The High Court has considered (obiter) when the limitation period starts in relation to an "on demand" loan with no express deadline for repayment.

The background

In the case of Goldsmith v Chittel [2016] EWHC 630 (Ch) (5 April 2016), Goldsmith brought a claim against a former friend Chittel for repayment of a sum of £663,232 in respect of a loan purportedly made in August 2005. Chittel successfully argued that the monies provided by Goldsmith in August 2005 constituted Chittel's share of profits made by Goldsmith in relation to a development project in Dubai known as the Hexagon Project and were not loan monies. Following dismissal of the claim, the court went on to consider Chittel's argument that if the payment had been a loan, Goldsmith's claim was statute barred.

The issues

Section 5 of the Limitation Act 1980 (the “Limitation Act”) provides: "An action founded on a simple contract shall not be brought after the expiration of six years from the date on which the cause of action accrued." Historically, at common law, where a loan is repayable on demand or does not stipulate a specific repayment date, then the loan is treated as being repayable immediately and the six year limitation period starts to run as soon as the loan is provided (Re Brown’s Estate [1893] 2 Ch 300).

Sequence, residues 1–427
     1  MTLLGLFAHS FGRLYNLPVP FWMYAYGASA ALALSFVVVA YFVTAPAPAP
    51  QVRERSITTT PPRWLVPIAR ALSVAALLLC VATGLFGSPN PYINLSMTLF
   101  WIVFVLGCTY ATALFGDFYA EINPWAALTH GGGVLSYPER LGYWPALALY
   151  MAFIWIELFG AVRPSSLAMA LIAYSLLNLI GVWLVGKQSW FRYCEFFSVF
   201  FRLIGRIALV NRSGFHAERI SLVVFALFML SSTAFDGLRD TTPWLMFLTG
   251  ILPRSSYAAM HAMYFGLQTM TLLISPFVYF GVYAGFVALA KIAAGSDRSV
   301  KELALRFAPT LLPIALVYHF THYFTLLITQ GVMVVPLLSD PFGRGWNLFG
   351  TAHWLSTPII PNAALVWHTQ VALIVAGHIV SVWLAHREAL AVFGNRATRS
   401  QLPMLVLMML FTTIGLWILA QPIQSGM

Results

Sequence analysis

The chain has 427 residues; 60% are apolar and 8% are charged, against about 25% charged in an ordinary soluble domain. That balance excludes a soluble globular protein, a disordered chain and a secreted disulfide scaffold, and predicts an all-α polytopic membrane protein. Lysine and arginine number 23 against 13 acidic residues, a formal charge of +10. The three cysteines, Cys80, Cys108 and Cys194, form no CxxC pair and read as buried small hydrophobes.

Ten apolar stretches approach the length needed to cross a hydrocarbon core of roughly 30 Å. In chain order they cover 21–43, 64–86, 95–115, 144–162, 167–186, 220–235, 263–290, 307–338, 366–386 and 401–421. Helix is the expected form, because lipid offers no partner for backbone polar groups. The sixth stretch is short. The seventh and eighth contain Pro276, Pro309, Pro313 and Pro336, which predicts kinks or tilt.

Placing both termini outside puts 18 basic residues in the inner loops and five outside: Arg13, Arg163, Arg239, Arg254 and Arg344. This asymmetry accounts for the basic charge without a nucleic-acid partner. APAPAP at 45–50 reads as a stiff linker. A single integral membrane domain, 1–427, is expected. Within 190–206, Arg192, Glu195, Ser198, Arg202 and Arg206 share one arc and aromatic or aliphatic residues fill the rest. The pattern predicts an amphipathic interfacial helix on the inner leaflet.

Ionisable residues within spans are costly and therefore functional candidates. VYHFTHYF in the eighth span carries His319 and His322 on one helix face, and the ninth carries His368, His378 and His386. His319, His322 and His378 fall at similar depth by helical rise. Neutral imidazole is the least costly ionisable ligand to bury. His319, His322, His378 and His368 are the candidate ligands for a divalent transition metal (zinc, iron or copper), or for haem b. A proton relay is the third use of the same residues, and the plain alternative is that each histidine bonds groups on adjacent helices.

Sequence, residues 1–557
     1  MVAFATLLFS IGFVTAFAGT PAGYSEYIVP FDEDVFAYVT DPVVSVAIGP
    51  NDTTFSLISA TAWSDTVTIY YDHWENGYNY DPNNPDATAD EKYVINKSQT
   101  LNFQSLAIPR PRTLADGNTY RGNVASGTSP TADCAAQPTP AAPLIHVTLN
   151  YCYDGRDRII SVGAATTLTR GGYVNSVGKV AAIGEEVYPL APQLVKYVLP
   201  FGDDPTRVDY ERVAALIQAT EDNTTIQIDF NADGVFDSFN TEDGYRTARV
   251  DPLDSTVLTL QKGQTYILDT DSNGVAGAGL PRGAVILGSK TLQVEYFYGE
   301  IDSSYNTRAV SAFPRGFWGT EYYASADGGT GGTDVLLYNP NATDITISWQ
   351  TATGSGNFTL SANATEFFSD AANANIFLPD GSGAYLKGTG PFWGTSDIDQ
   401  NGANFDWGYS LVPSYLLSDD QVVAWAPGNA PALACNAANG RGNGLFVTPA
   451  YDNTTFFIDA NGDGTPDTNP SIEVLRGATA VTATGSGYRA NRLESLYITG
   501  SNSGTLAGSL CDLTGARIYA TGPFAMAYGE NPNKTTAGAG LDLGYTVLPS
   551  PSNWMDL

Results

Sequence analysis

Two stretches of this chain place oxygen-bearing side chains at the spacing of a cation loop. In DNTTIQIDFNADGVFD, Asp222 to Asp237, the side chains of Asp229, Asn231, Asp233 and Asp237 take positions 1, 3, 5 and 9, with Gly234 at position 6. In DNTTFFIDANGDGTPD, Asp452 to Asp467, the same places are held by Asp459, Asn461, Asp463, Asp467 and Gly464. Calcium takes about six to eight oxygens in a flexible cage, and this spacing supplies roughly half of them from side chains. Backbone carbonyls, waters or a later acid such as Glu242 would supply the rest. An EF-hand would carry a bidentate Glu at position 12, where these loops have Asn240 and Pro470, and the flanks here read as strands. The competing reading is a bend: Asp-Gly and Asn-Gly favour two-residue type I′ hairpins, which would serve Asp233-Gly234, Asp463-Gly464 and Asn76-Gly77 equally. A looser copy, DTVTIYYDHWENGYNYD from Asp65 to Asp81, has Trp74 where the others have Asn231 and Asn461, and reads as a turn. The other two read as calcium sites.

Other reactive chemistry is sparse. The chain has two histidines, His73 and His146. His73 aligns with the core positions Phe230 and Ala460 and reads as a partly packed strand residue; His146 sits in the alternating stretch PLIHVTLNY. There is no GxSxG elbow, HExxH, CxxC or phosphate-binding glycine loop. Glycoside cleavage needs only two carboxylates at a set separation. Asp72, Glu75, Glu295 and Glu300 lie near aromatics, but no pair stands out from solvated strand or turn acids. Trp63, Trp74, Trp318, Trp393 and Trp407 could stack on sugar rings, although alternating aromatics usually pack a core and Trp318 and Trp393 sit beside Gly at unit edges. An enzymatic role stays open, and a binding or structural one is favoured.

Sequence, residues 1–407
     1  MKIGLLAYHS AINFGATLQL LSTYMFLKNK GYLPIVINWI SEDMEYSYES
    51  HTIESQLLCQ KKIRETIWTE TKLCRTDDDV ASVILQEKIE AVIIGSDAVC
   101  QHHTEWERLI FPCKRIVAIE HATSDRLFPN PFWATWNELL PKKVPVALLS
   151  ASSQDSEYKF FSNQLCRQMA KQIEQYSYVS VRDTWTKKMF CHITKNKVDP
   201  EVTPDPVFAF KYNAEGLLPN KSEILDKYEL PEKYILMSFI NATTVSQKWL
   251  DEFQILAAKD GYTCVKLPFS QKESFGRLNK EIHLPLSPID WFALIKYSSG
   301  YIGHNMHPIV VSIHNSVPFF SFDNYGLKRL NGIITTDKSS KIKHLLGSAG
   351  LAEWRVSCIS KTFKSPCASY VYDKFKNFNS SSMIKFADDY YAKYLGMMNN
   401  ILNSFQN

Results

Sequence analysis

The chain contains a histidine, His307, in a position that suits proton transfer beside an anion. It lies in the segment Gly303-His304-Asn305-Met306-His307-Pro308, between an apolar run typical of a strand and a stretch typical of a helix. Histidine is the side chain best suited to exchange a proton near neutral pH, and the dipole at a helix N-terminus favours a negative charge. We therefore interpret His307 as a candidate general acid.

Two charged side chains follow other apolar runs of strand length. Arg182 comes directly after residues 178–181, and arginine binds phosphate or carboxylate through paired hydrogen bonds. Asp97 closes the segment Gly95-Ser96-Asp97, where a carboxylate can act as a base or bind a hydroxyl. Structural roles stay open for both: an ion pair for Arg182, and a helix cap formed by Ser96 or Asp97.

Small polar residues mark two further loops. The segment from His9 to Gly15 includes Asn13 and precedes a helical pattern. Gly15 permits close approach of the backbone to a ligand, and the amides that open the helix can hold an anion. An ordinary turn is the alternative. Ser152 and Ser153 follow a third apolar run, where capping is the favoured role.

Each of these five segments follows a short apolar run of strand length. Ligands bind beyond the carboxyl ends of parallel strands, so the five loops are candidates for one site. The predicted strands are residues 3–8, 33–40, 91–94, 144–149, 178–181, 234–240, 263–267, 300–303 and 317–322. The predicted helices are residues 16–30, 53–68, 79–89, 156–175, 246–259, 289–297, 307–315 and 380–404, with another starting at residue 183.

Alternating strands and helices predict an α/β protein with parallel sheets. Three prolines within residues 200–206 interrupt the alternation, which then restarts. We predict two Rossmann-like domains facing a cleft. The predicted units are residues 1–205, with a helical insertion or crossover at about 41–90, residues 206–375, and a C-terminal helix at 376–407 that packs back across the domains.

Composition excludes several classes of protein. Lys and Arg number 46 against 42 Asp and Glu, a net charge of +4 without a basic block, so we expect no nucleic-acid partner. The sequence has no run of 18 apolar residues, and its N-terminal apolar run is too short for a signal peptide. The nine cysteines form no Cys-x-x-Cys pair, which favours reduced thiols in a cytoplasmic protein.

Section 6 of the Limitation Act mitigates the provisions of section 5 by setting out the circumstances where limitation runs from the later date of written demand of repayment. Section 6(2) applies to "any contract of loan which:

(a) does not provide for repayment of the debt on or before a fixed or determinable date; and

(b) does not effectively (whether or not it purports to do so) make the obligation to repay the debt conditional on a demand for repayment..."

What did the court decide?

The court found (obiter) that (i) no repayment date was specified; and (ii) although Goldsmith asserted that the loan was repayable on demand, there was no express term to that effect. Finally, the court was not convinced that repayment was conditional upon a demand actually being made. On this basis, if the payment had been a loan, Goldsmith's cause of action would have started to accrue when written demand was made in 2011 rather than when the monies were paid in 2005.

What does this mean for practitioners?

This case highlights the importance of analysing not only whether a loan is repayable on demand without a fixed repayment date but also whether the obligation to repay the debt is conditional upon a lender’s demand for repayment. Both of these limbs must be addressed in order to benefit from section 6 of the Limitation Act.